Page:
On June 8, I joined a “forum on civil liberties and democracy” at De La Salle University on Taft Avenue called “Gathering Hope”—and came away a little more hopeful. Part of the reason I showed up was to see Rene Saguisag, the great civil libertarian of our time, in action again. I was fortunate to sit beside him, and took a couple of pictures of him in mid-speech (at that point when he was recalling an old story about a mischievous boy and a grandfather figure, whose moral the grandfather summed up in the following wise: “The answer lies in your hands”). Continue reading
The fifth in my occasional series of “unfortunate appointments” is the first on a non-lawyer; as it happens, the government’s chief law enforcement official. Column No. 440, published on May 2, 2017.
No chief of the Philippine National Police has brought as much disgrace and discredit to the institution he heads as Ronald “Bato” dela Rosa, a likeable enough police officer promoted beyond his capacity and competence. His chief claim to fame was his total support for the presidential candidacy of Mayor Rodrigo Duterte, whom he worked with closely when he was Davao City police chief; the main reason he remains head of the country’s 170,000 police officers is the President’s complete trust in him.
There are at least three reasons why Dela Rosa has seriously damaged the institution he leads. As early as January this year, these reasons were already clear to any observer of the PNP’s performance and indeed to any genuine friend or ally of the President’s. In the aftermath of the scandal over the kidnapping and killing of the retired Korean businessman Jee Ick-joo right inside PNP headquarters (the crime took place in October, but came to light only in January), one of the President’s closest political allies, Speaker Pantaleon Alvarez, called on Dela Rosa to resign. In the agitated statement Speaker Alvarez released on Jan. 20, after the full scale of the scandal became clear and threatened to bring the President’s so-called war on drugs to a permanent and premature end, the three reasons can already be discerned.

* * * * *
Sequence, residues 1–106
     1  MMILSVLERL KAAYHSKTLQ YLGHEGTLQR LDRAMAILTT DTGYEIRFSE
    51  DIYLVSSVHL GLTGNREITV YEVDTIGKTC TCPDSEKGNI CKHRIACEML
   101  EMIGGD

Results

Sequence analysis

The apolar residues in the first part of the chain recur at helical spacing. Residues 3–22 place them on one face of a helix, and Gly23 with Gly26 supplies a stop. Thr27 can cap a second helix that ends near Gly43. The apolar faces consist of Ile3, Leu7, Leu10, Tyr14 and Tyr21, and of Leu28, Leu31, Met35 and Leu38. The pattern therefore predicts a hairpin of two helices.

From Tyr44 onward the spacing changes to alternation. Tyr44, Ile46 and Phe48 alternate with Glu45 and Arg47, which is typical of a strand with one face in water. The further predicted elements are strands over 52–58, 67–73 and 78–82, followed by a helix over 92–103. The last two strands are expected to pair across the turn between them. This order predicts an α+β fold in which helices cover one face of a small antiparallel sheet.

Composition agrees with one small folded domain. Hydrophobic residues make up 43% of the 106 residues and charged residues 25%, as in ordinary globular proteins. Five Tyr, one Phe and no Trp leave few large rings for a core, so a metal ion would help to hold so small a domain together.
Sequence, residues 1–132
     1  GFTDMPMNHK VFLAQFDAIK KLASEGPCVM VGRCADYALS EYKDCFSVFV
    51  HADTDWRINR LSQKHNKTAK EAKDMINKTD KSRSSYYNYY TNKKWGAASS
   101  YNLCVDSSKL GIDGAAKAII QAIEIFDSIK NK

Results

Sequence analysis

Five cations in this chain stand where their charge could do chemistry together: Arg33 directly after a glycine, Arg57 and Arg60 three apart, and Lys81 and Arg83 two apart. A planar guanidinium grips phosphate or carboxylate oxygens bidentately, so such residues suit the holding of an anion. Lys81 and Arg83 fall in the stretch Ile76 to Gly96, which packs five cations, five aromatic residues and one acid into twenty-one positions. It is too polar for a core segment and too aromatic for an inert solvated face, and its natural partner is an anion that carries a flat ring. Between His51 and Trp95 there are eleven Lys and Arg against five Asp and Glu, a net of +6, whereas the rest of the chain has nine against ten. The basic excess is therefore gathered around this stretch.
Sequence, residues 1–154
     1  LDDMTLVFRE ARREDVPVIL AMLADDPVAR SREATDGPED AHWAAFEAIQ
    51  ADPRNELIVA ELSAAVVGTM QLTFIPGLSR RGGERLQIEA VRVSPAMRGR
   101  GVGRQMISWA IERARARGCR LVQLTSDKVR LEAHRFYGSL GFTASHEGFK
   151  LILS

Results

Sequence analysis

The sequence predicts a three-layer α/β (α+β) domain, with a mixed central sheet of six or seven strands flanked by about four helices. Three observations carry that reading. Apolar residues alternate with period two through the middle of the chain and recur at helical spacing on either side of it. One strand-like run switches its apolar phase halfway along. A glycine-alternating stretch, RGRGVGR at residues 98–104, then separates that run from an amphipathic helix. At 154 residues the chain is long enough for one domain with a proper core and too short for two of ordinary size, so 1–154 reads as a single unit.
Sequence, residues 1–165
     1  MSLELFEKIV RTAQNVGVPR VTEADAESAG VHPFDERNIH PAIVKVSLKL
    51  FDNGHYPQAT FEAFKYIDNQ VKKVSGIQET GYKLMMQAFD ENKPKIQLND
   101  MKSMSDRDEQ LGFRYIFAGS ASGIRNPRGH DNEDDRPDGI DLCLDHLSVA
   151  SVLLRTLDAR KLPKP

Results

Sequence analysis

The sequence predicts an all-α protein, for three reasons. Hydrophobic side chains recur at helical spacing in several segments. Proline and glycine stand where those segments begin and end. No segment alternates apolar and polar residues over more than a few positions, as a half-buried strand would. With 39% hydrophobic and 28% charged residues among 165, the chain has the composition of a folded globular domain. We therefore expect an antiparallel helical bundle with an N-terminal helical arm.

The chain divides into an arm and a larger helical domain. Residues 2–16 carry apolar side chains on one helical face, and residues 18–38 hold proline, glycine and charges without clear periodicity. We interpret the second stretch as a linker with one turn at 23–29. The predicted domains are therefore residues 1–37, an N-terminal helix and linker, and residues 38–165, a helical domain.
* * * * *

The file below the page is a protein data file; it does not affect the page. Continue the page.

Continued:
Now, in the wake of the revelations last week about the hidden detention cells inside Manila Police District Station No. 1, and especially after Dela Rosa bombastically offered what Sen. Panfilo Lacson rightly called an “incomprehensible” and “very arrogant” defense of the secret jail, it is time to revisit Alvarez’s position.
Like many, I do not want the military to oust President Duterte; that attempt at a cure (to speak figuratively) may prove to be worse than the disease. Like many, I only want our democratic processes to function, our checks and balances to work, our politicians to grow a spine worthy of the dignity of their office—so that everyone, Duterte included, can be held accountable not only by history but in real time. The lesson from the history of democratic polities is clear: The consent of the governed depends on limits placed on government. Published on April 25, 2017.
I have written in this space before: There is no conspiracy to oust President Duterte, and there are no destabilization attempts against his administration. What is the “point,” then, of all the criticism? To ask the question is to misunderstand the role of a free press, an unco-opted opposition and the democratic project itself. In our different ways, we criticize to hold him accountable.
Let me limit myself to the responsibility of journalists. Continue reading
The second column prompted by the IJF17 panel discussion on “Reporting Emerging Authoritarianism.” Published on April 18, 2017.